The Trouble with Polls
Justice A. Manning recently complained about the polls he participated in.
I am an air pollution person (with an MS in Water Resources from Auburn University) who has been added to your subscriber list some way; I did NOT do it. But in this issue, I decided to participate in two of the polls: the one about the supply of water vs. population and the acreage that triggers the need for a construction permit.
I see two problems with your polls in the newsletter: they are too simplistic and you don't provide answers for the "correct" situation, the acreage question being a prime example. What difference does an answer to your poll make if the requirement is totally
different but one who responds doesn't ever see the answer?
As for the water supply question, I don't believe either choice was adequate or correct. If our population learned to conserve water, we have plenty in most areas of the country; exceptions exist, of course.
At least the choice should have been a non-conserving population, or provide a place for a person to write a comment, or inadequate supply. I realize that then you likely are going beyond space requirements for such a news magazine. However, I do feel without providing a "correct" answer, the polls are not very beneficial.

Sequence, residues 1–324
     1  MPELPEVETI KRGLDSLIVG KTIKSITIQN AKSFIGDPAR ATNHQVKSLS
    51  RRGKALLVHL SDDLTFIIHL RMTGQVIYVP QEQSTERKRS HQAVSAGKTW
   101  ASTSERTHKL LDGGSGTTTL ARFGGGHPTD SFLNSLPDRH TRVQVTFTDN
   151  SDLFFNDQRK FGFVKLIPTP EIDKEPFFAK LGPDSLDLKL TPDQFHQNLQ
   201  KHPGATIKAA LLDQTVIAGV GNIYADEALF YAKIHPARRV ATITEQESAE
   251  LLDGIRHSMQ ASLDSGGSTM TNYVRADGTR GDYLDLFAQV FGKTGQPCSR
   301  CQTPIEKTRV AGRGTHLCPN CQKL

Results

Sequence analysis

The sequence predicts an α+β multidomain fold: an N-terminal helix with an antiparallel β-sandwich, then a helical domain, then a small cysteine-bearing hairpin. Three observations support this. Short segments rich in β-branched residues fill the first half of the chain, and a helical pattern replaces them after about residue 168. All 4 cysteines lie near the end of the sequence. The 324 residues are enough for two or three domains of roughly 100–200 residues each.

In response, I told Mr. Manning that our polls are designed to generate discussion and help build community, and with any luck, help educate readers. The two he mentioned, which are admittedly flawed, resulted in his comments, which are the beginning of a discussion!
The education begins after the poll. Many readers already know the answer and perhaps like to help others know it.
Mark L. Bruce, technical director at TestAmerica in Ohio, also had a complaint: Your water vs. population poll doesn't allow me to select both. We have too many people in the places where there is limited water supply. People tend to migrate to warm dry climates, but those are also the places with less water. Clouds challenge a sunny disposition, but they can provide a lot of water.
You're right; we should have offered that option as we have in other polls posted on the site.
Our current content management system does not allow visitors to automatically post comments. By April, we are hoping to remedy this with a new system.
I would like to mention that our polls, which have no restrictions on how many times a person can participate and therefore cannot be considered valid, often show perceptions. It's not always about the right answer, if you know what I mean.
Posted by L.K. Williams, EPonline on Jan 21, 2009